Cosmik: I wanted to ask you about the songwriting process. A lot of times people will see songwriting teams, even a classic like Lennon/McCartney, and then later you realize that it was more of a financial arrangement, that people more often than not would write on their own. When you and Jon (Auer) wrote songs, was it a collaborative effort, or would it be a solo effort and the other person would just come in at the end and dust it a little bit?
Stringfellow: Well, it really was more like that, where someone would come in and add his input after something was basically completed, but Jon and I did have an agreement that we were a partnership from day one, so we’d split all rights and everything. We didn’t want to make it into some kind of battle, so we figured that together we’d both get the credit – and the blame – for everything.
Cosmik: You have a lot of outside interests, and even then you were besieged by other bands and collaborators. As the ideas started to form in your head, was there some inclination that “this is a Posies song” versus “this is a Ken tune” or something you’d foresee turning somebody else on to?
Stringfellow: To be honest, I always felt like anything I wrote could have been incorporated into the Posies; the Posies had the versatility to take a number of different things and make them happen. Like “Fall Apart With Me” from the album Success – I didn’t think that would be on the first record, I thought it would be on some future project like Saltine or something. But the band played it, and did it creatively. I think that even the songs I’m writing now could be Posies songs. I think the only problem we had then…the only limitation was that the number of songs that Jon and I were writing were too many for the number of records that were coming out.
Cosmik: I know that you’ve had a lot of success overseas in places like Japan and Spain, and a lot of bands do, frankly. Cotton Mather, a great band that can’t get arrested in their own country, is over there (U.K.) right now playing sellout shows and getting ready to open up for Oasis on tour. Why is it that people outside the United States seem to “get it” more than we do here?
Stringfellow: You know, (laughs) that’s something I’ve often wondered myself! I guess people in Europe, especially, are just a lot more broadminded, that just seems to be the case. There is so much culture that is so readily available, so many kinds of art forms. The average person is brought up in an atmosphere where things are different. I mean, Europe is like a lot of little cultures smashed together in a really small amount of terrain, so if you’re in Germany, you can go to Paris in about an hour, and from Paris to Madrid, where there are all sorts of things there, people coming in from Africa. I mean, you’re very aware that there are all sorts of cultures around you, where in America, there’s a lot of cultural isolation. The societies that comprise the American society are more into being assimilated, where if there is some diversity, it can almost be invisible. Like, if you’re the average white dude like me, living in Seattle, there’s a huge Asian culture here, a huge Latino culture, but if you want to involve yourself in that diversity you have to go find it, it’s not out there wide open. Americans in general, I feel, do not do well at assimilating things that are…they want to find the common denominator, something we can all agree on. Hence we get the bland.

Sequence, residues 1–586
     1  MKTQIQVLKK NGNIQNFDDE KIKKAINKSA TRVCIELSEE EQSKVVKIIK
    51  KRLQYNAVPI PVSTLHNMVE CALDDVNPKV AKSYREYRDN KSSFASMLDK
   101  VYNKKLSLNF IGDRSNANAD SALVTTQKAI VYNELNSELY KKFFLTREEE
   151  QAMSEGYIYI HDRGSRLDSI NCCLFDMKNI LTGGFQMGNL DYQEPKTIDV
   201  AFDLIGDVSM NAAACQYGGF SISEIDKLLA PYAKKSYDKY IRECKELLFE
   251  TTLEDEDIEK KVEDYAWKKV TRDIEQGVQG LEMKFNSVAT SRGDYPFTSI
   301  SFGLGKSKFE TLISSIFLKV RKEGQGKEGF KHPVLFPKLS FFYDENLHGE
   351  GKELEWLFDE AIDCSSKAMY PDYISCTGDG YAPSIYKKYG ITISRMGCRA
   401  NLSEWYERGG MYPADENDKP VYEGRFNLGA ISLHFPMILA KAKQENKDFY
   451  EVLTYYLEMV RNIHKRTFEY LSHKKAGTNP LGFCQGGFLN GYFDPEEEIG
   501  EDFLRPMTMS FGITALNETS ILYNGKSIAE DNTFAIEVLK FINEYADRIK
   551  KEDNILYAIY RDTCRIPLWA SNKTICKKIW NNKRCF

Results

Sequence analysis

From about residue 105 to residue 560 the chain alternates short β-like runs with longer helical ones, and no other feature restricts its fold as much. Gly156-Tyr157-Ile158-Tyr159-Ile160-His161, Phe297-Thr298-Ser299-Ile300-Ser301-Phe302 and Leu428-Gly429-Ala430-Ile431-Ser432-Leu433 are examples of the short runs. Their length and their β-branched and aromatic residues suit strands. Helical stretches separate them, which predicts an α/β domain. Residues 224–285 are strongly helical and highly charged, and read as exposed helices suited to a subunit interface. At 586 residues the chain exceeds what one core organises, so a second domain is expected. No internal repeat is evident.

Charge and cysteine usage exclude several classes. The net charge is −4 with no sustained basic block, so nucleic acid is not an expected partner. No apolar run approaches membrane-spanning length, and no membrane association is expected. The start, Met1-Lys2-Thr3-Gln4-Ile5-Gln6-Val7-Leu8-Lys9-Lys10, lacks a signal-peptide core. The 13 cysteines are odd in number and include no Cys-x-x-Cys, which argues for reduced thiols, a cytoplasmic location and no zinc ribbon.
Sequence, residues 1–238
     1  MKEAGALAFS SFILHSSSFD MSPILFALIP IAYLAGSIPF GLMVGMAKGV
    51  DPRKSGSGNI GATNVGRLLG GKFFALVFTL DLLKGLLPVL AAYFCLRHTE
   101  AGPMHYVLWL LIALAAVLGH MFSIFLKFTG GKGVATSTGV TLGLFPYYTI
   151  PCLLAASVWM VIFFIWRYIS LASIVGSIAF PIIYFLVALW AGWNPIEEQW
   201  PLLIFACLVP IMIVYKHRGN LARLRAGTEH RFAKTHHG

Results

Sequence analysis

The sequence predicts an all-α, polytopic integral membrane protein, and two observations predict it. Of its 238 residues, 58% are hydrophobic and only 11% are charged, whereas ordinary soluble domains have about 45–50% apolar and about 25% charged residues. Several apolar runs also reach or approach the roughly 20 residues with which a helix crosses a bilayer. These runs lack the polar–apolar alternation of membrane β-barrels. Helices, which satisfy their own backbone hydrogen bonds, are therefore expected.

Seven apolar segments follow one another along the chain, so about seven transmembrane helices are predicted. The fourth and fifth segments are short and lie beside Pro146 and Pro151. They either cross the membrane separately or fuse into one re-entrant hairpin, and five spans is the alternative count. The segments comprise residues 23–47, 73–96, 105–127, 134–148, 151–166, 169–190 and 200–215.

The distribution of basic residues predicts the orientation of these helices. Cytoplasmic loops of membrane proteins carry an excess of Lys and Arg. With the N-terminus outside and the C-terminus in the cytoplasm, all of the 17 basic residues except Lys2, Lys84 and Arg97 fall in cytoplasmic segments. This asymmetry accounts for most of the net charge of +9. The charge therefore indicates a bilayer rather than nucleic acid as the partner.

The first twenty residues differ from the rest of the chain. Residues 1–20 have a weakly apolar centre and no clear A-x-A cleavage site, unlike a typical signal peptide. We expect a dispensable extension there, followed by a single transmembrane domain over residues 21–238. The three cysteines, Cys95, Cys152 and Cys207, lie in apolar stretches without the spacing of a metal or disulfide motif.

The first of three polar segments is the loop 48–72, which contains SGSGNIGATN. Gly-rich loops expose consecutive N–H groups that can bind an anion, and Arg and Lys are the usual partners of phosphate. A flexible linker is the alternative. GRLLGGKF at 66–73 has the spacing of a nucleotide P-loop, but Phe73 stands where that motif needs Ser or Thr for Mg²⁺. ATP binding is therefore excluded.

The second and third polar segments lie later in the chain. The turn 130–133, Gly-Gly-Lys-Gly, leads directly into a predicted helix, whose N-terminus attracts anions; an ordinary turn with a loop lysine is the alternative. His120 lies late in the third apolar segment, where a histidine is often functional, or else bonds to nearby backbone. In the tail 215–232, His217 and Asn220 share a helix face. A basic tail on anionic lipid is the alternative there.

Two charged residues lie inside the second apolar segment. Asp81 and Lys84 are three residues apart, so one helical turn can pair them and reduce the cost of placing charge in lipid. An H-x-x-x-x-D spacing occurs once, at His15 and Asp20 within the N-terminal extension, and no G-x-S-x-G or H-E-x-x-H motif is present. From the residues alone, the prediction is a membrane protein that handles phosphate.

Cosmik: It certainly seems to be the approach of radio.
Stringfellow: Oh, radio and everything; the film world…there are great independent films being made in America, and even innovative mainstream films, but in general the average person is going to try to find the comfort mood every time, y’know?
Cosmik: True. You definitely have to turn over some rocks to get over the fourteen or fifteen “hot things of the moment”. Like your work in the Big Star tours – there’s irony for you. Here’s a band that, much like The Posies, I imagine, had an audience – a loyal audience – but were seemingly largely ignored just because most people never got a chance to hear them. Then years down the road, they’re everybody’s cult band. You know the running joke – if everyone who claims to have been a Big Star fan bought a copy of #1 Record, they would have been a lot bigger than a cult band